Please use this identifier to cite or link to this item: https://une.intersearch.com.au/unejspui/handle/1959.11/2751
Title: Seedbanks and seedling emergence of saffron thistle ('Carthamus lanatus') in eastern Australian pastures
Contributor(s): Sindel, Brian M (author)orcid ; Whalley, Ralph D (author)orcid ; Grace, BS (author); Sheppard, AW (author)
Publication Date: 2002
DOI: 10.1071/AR02030
Handle Link: https://hdl.handle.net/1959.11/2751
Abstract: Weed management has often proved difficult because of persistent seedbanks that allow recruitment to occur for many years after the weed has otherwise been controlled. The number of seeds in seedbanks of 'Carthamus lanatus', a widespread and troublesome weed, has not been investigated. Little is known about longevity of its seedbanks in pastures of eastern Australia. The numbers of seeds in the soil and the rate of seed loss were investigated at 3 sites in eastern Australia. Seedbanks were found to be patchy, and they had mean densities between 815 and 2290 seeds/m² after the main germination flush. These seedbanks decreased over time and between 11 and 15% of seeds remained in the soil after 2 years without further input. More seeds were lost in the first year than in the second year, and pasture cover did not affect the rate of seed loss. Seeds buried in mesh bags and exhumed regularly showed that dormancy was lost, induced, then lost again within the 2-year experiment. Maximum seed germinability coincided with peak germination times. The likelihood of a seed producing a seedling was reduced when seeds were sown at high density. 'C. lanatus' seeds appear to be well adapted for persistence in eastern Australian pastures by maintaining a bank of seeds that generally germinate when conditions favour seedling survival.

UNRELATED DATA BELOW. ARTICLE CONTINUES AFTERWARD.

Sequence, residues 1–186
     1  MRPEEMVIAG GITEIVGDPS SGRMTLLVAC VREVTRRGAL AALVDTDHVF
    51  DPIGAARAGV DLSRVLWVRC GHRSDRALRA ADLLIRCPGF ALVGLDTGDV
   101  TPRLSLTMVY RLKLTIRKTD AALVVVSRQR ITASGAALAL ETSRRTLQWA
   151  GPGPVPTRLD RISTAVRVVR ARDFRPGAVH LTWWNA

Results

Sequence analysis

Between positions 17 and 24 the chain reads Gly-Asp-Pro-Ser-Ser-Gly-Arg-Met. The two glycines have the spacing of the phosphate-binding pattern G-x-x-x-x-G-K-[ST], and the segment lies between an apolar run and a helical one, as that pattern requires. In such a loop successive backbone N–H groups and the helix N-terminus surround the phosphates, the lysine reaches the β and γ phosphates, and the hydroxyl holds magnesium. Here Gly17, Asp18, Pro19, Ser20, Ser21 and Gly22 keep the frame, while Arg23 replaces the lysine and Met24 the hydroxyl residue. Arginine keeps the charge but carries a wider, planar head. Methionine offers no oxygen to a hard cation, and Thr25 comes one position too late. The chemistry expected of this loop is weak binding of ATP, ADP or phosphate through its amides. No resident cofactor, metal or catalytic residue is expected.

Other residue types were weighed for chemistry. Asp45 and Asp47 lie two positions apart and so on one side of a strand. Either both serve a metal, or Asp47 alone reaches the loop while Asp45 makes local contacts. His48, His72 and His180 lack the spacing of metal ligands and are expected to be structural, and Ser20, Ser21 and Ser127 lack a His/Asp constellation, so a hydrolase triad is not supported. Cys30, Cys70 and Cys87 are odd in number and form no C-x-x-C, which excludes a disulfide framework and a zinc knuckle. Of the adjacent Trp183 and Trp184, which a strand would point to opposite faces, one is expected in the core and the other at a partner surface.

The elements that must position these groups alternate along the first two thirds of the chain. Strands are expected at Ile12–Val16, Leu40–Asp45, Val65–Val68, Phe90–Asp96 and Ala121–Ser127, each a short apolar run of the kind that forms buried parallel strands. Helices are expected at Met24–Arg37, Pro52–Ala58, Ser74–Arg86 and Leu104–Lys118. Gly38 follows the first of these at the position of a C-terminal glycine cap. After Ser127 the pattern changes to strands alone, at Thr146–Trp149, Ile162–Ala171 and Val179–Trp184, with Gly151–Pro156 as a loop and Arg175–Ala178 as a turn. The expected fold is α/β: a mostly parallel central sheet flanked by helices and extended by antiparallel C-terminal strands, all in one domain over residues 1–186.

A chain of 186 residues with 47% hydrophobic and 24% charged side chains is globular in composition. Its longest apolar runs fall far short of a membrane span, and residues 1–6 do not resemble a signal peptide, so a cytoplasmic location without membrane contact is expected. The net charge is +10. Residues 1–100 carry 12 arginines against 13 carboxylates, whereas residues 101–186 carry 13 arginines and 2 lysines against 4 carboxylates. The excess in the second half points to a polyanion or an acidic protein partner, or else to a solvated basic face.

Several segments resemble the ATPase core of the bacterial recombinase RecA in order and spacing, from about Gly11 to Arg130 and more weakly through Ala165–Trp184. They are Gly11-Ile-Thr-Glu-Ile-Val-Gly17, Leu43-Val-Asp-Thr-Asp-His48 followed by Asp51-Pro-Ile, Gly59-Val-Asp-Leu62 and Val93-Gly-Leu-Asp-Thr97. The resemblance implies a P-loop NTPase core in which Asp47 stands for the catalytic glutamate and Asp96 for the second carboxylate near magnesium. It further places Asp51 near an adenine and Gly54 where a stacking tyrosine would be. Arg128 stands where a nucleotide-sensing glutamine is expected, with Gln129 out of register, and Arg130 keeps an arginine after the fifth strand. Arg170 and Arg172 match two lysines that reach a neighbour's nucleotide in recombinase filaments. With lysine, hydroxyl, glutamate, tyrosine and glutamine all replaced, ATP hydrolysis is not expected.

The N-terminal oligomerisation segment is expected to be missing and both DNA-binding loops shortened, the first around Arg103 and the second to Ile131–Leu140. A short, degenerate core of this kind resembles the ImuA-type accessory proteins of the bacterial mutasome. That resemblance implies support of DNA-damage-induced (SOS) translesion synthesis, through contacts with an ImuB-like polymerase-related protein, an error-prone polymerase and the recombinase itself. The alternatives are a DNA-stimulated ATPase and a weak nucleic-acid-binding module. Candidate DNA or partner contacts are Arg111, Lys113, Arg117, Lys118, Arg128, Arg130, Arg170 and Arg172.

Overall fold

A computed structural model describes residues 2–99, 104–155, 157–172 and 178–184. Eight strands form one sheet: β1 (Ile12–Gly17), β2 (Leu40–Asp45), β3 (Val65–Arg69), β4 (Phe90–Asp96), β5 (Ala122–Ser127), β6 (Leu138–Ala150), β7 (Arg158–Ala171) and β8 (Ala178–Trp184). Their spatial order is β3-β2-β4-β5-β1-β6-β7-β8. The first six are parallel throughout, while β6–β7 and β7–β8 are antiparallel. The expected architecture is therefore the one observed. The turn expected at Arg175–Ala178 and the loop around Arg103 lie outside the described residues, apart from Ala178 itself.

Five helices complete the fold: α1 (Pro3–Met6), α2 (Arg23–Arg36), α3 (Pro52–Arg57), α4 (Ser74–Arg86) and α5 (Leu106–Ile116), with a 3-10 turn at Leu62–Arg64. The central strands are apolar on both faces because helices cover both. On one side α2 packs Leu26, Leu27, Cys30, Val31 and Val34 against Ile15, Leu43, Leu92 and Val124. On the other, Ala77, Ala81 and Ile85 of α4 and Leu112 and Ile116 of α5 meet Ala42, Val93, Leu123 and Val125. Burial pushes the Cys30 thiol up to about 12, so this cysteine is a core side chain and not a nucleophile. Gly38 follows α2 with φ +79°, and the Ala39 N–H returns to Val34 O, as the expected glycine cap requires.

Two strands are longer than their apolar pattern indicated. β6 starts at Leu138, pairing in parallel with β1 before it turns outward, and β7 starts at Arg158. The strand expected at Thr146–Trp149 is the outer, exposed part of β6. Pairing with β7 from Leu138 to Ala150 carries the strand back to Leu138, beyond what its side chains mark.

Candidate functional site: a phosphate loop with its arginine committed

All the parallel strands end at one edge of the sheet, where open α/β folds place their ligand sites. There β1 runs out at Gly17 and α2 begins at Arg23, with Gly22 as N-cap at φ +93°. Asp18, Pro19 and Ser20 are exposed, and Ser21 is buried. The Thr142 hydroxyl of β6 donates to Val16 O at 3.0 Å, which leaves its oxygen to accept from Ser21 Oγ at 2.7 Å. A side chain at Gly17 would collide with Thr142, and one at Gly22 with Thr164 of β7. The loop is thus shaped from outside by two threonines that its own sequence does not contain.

Publication Type: Journal Article
Source of Publication: Australian Journal of Agricultural Research, 53(12), p. 1327-1334
Publisher: CSIRO Publishing
Place of Publication: Collingwood, Australia
ISSN: 0004-9409
Field of Research (FOR): 070308 Crop and Pasture Protection (Pests, Diseases and Weeds)
Peer Reviewed: Yes
HERDC Category Description: C1 Refereed Article in a Scholarly Journal
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